Attending Film Festivals As A Distributor
During this series of articles, Attending Film Festivals, I’m going to be talking about my festival experiences from all the various angles, because I am one of the few, and dear I say lucky ones, that have attended festivals in almost every facet; as a reviewer, filmmaker, distributor, and of course a fan.
In today’s article, we’ll be dealing with what attending film festivals as a distributor is like, and the lessons learnt here can also be passed over to filmmakers who are looking to approach distributors at festivals, but I’ll go into more depth with regards to that in a later article. So sit back, enjoy, and hopefully learn a thing or two.
Location, Location, Location, Said The Real Estate Agent
Like when buying a home, picking the location for your accommodation during the film festival or market is important for so many reasons, most of which you might think are easily defined. Though having gone through the experience myself, there are many other reasons why putting a decent amount of thought into this is important, and some of them aren’t so evidently clear.
Think about your budget, as staying literally at the event accommodation, or near by, will most likely cost a lot of money. Make sure you check out any hotel deals the festival might already have in place for people attending, as these can often bring in discounts ranging from 10-50% off the normal price, which can come in very handy, if you can get in early enough to take advantage of them that is.
Staying as close to the event as you can afford really is key, even if that means you have shared accommodation with another company, or companies, that are attending the event. Sometimes you can pick up great accommodation close to the event, and at a great price, because you’re able to squeeze in 6-8 people, and all splitting the bill. So keep an eye, and ear out, for anyone else attending that could help share some of those costs.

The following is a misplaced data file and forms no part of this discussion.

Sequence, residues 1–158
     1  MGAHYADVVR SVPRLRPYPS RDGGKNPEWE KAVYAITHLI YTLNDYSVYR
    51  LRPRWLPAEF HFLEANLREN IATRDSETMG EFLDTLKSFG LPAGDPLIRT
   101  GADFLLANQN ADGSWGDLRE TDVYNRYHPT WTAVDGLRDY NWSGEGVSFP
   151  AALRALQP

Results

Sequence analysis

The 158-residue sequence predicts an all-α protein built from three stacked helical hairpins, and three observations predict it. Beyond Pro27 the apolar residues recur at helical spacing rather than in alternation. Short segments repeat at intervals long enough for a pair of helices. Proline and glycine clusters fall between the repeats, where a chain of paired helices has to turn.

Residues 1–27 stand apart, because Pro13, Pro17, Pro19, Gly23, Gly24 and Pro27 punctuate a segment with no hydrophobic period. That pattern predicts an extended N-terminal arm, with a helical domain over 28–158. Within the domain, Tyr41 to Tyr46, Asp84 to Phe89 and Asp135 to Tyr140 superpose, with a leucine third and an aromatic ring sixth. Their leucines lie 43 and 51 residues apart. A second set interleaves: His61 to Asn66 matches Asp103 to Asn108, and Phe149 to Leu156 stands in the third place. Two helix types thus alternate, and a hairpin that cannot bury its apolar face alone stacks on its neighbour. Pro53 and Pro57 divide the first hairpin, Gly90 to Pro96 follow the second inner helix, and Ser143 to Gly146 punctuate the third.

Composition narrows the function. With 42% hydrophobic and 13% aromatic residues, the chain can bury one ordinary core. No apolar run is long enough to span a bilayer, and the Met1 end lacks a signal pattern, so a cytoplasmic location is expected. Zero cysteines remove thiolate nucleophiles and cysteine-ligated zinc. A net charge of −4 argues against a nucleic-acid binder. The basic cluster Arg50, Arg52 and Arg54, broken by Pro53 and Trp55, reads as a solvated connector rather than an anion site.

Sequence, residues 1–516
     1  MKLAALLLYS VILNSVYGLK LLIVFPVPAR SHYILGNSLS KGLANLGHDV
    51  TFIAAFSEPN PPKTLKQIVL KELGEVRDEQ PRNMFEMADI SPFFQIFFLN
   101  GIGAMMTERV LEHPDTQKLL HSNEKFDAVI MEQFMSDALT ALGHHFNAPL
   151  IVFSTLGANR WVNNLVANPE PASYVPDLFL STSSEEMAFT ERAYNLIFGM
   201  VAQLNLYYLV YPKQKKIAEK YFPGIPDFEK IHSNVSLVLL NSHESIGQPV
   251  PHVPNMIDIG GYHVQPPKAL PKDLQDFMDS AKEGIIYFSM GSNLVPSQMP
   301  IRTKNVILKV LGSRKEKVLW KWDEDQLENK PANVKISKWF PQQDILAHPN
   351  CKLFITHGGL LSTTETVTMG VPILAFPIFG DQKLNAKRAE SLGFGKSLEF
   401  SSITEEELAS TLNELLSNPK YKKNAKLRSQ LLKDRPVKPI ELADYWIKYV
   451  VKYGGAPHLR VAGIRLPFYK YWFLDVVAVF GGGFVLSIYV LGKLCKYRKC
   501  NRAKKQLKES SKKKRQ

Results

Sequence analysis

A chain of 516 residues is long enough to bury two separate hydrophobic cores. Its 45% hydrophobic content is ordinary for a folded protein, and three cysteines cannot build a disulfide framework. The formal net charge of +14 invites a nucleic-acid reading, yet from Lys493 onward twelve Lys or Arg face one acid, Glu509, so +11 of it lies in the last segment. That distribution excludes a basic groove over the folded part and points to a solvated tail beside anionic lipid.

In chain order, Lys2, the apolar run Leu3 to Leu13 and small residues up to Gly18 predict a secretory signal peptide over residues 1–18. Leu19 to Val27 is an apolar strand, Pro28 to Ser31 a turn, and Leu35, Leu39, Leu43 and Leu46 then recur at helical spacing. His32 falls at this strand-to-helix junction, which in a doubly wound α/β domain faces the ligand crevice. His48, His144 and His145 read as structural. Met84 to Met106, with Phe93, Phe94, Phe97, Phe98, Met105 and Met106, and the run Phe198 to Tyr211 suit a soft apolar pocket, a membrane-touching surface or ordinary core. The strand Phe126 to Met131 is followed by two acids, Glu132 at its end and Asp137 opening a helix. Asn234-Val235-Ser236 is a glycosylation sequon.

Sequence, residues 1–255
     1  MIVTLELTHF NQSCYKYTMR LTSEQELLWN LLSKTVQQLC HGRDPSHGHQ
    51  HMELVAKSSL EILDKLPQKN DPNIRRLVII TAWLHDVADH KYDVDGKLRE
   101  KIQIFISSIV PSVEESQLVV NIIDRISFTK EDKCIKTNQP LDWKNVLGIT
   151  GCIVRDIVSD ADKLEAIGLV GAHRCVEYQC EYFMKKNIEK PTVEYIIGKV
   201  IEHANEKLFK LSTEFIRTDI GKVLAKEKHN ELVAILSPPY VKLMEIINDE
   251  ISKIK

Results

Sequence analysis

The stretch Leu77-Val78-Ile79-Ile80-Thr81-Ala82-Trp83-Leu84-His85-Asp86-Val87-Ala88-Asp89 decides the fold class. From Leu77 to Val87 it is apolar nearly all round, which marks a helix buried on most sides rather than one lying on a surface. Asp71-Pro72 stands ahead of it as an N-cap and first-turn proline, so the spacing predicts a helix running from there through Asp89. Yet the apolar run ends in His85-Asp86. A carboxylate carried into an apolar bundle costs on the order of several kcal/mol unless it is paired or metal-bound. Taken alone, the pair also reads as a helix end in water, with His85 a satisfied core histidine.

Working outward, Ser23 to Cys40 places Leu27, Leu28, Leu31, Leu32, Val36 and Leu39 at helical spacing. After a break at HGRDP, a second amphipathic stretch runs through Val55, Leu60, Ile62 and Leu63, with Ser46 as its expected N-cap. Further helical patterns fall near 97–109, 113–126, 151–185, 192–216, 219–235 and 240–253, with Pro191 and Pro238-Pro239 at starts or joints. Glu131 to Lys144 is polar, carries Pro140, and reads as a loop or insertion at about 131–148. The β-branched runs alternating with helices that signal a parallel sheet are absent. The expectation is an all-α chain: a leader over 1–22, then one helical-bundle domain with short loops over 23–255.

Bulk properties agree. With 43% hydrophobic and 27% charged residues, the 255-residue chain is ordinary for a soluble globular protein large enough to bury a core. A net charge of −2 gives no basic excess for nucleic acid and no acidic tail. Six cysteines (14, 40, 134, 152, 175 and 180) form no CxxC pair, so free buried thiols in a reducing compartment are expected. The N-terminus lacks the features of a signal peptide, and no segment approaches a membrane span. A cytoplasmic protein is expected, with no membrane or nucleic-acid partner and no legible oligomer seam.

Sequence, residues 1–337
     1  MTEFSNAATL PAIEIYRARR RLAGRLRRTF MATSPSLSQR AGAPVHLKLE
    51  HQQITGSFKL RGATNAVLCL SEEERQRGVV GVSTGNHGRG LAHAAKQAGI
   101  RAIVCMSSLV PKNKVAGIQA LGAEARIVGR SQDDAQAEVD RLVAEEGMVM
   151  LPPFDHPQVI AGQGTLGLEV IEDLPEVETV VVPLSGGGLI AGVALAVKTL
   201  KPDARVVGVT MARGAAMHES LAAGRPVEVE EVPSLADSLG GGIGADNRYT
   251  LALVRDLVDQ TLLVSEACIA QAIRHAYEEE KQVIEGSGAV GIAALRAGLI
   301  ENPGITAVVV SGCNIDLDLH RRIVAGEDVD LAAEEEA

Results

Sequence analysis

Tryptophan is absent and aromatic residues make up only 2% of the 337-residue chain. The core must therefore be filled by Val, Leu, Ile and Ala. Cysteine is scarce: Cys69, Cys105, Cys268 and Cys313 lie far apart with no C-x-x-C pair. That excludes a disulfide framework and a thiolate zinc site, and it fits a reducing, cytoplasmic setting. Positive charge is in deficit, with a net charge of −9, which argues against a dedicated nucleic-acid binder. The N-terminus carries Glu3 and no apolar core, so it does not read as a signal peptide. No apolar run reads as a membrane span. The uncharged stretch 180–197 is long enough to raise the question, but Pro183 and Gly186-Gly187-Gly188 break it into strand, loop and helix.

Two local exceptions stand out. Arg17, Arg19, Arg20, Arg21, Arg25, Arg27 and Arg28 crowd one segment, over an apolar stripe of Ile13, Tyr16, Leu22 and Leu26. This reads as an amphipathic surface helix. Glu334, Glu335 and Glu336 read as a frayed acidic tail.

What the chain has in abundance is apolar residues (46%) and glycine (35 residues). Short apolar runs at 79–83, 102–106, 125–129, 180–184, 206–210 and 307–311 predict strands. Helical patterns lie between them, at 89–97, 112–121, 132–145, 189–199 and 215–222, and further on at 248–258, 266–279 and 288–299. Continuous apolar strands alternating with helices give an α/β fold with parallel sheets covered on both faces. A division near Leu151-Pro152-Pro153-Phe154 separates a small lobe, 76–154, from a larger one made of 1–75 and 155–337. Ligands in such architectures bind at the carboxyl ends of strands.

Now, why is it so important to be as close to the event as you can get, other than the simple fact that you’re close? Well, here’s a quick run down of the various reasons why it’s so important.
Weather, Hallowed Be Thy Name
The film festival or market you’re attending could be any various climate, from the sun soaked shores of Cannes in the summer, to the snow covered streets of Sundance during winter, and even then the weather could vary from day to day. So not only should you be prepared for all types of weather with the clothes you bring, being close by means it’s an easy trip back to your accommodation if you need to pick up an umbrella, drop off a jacket, or even change out of wet clothes.
Also seeing as you’ll often be on the go from early morning to late night, being able to head back and change into nightwear from daywear is very important. And for the love of god, dress for comfort, and with layers, as you’ll be on your feet most of the time, and if the weather decides to be extremely hot, extremely cold, or randomly changing between to the two, you’ll be glad for the practical clothing choices, and the fact you only stay down the road, increases your clothing options if needed to be changed.
Lose Yourself In The Sweet Embrace Of Sleep
The next reason why staying close by is good, is that sleep is a precious commodity during these events, and getting as much as you can will help you survive till the end. Being able to sneak back into your hotel in the early hours after a brief walk, or sleep in an extra hour, as you don’t have far to go in the morning, really is a luxury.
If you have to add an extra 30 minutes of travel every day and each way, quickly adds up to a lot of lost sleep, either side of the day. Not to mention the extra costs involved in having to rent a car, grab a taxi, or use whatever local transport is available. Often times that extra cost is better spent on being closer to the venues.
There will be lots of late night functions to attend, dinner meetings, and other such things, and getting home around midnight each night is just something you have to accept. Not to mention the breakfast meetings that might be arranged, that you’ll most likely need to be well rested for. So once again, staying close will be of such huge benefit when it comes to your physical and mental well being during your 16-18 hour days on the ground.
Have A Break, Have A Kit-Kat